KANSAS CITY, MO –The Health Care Foundation of Greater Kansas City (HCF) has announced its single largest grant ever to Truman Medical Centers (TMC) to increase inpatient and mental health bed capacity in Kansas City.
The three-year $7.5 million grant, including a $3 million matching grant if TMC raises $3 million over the three-year period, will provide significantly improved inpatient care to seriously ill patients who need closer monitoring, while reducing congestion in the emergency department. The grant will allow the TMC Hospital Hill campus to:
Add 10 single occupancy in-patient care rooms
Convert 10 intermediate care telemetry beds to full ICU beds
Allow for 32 regular beds to be converted to monitored beds
Expand inpatient psychiatric services
Replace 104 medical/surgical beds to improve patient care and patient satisfaction
“TMC and HCF enjoy an ongoing partnership and shared mission to help the vulnerable underinsured patient population in Kansas City,” said Mary Lou Jaramillo, Chair of the HCF Board of Directors.
Since 2003, TMC has seen a dramatic shift in its ability to provide quality healthcare to patients in the urban core as a result of marketplace changes in urban hospital availability and changes in regulatory and reimbursement laws.
“This continued support will allow TMC to provide better and more timely care to our patients. HCF’s financial support to increase inpatient beds and monitoring capability makes us more able to treat very ill patients,” said John Bluford, TMC President/CEO.
According to Bluford, uncompensated care at TMC has grown 45 percent since 2003 from $54.6 million in 2003 to $79.2 million in 2007. Each week, TMC provides $1.5 million in uncompensated care, about 400 percent more than the average of other KC area hospitals. After subtracting the tax subsidies that TMC receives, uncompensated care is 15.9 percent of its net revenue, compared to 3.6 percent average at other area hospitals.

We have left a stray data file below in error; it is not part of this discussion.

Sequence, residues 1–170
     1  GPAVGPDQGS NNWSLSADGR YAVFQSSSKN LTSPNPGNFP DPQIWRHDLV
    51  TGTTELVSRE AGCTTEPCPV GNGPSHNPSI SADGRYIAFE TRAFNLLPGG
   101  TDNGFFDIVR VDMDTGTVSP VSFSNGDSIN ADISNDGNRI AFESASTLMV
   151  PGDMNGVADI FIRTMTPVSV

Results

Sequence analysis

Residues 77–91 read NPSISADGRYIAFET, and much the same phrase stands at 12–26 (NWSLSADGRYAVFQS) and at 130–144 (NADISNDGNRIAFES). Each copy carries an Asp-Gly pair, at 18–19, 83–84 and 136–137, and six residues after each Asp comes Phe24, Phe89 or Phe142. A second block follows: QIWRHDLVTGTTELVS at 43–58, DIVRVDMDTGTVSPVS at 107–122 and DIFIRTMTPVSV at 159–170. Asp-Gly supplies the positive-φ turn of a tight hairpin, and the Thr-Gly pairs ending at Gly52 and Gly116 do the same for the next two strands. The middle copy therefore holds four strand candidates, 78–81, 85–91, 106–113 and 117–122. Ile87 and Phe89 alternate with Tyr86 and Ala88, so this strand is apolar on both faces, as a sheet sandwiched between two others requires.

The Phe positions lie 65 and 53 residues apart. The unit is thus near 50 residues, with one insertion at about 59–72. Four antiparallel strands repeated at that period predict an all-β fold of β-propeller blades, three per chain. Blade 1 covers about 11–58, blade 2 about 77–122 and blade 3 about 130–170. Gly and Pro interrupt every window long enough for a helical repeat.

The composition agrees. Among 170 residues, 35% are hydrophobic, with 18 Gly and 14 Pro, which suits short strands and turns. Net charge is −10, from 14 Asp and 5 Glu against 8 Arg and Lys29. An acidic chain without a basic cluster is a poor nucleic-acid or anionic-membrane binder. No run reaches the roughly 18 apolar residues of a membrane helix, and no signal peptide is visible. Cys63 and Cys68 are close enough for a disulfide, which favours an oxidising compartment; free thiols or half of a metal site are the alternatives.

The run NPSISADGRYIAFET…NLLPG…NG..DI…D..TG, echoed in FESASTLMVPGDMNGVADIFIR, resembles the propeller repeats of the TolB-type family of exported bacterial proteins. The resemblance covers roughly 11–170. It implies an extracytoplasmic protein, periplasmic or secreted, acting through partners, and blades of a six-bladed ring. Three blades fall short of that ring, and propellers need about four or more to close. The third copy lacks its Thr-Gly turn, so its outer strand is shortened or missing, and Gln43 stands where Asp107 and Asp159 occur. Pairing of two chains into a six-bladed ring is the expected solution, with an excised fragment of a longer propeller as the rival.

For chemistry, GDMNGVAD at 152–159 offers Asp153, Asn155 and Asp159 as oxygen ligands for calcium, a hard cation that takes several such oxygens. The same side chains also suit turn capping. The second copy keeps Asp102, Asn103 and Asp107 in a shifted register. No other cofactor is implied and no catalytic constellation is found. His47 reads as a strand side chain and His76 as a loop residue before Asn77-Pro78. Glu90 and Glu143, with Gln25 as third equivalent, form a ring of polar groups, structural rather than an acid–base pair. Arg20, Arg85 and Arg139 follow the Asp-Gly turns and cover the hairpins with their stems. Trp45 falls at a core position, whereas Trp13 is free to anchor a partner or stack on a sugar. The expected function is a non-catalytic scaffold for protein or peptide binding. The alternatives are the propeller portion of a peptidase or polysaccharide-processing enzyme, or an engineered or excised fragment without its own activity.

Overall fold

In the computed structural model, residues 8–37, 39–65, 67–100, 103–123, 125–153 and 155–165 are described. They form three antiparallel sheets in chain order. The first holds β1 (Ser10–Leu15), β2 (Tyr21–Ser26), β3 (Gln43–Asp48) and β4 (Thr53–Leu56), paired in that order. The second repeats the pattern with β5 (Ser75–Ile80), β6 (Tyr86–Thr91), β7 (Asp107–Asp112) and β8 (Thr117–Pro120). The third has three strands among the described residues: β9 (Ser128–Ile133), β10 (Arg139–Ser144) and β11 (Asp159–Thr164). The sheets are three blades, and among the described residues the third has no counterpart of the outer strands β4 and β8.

“For the past five years, TMC has shouldered a huge share of providing needed services for the uninsured and underserved,” said Steve Roling, HCF President/CEO. “TMC has continued to provide quality care, regardless of the ability to pay, but it has placed the hospital in an unsustainable situation. One-time funding such as this is necessary for TMC to continue to provide services to those who rely on TMC as their primary source of healthcare.”
The HCF grant will provide faster access to inpatient care, increasing admissions by 1,043 per year (3,650 additional patient days). It also will provide closer monitoring for severely ill patients, faster access to inpatient beds and immediate care for the severely mentally ill. In addition, the grant will relieve emergency department congestion, resulting in reduced waiting times, diversion rates and improved patient satisfaction.
“Healthcare disparities exist among urban, poor and diverse populations and as a result, urban safety net hospitals are providing care to patients who do not receive adequate preventative care and wait longer before seeking care. At TMC, 88 percent of all adult patients who require inpatient care come through our emergency deparment (ED),” said TMC Chief Medical Officer Mark Steele, M.D. “Emergency Department congestion is a serious, ongoing issue that results in limited accessibility, lower levels of patient satisfaction, comfort and appropriate care. HCF funding will allow TMC to process patients in need of inpatient care faster, resulting in the ED being able to see significantly more patients per day.”
Another issue causing congestion in the emergency department is the increase in the number of patients needing and waiting for inpatient adult psychiatric beds. Since 2003 there has been a 57 percent reduction in the supply of non-profit mental health beds. “The reduction of inpatient adult pysch beds has resulted in the need to provide behavioral health services in the ED and has increased ED diversion. This grant will allow us to expand inpatient services for this special population,” said TMC Behavioral Health Chief Operating Officer Marsha Morgan.
HCF was established in 2003 through the profits from the sale of Health Midwest to HCA. In accordance with the asset purchase agreement, HCF acknowledges the cooperation of HCA, who provided a waiver for this grant to TMC.
“TMC has a long and proud tradition of providing healthcare to everyone who enters their doors,” said Roling. “The patients who will be served by this grant will be those with higher levels of medical needs – patients with low incomes, the elderly and patients without insurance or without adequate insurance to pay for care. As a result of this grant, TMC will be able to provide even more quality care to the sickest patients in our community.”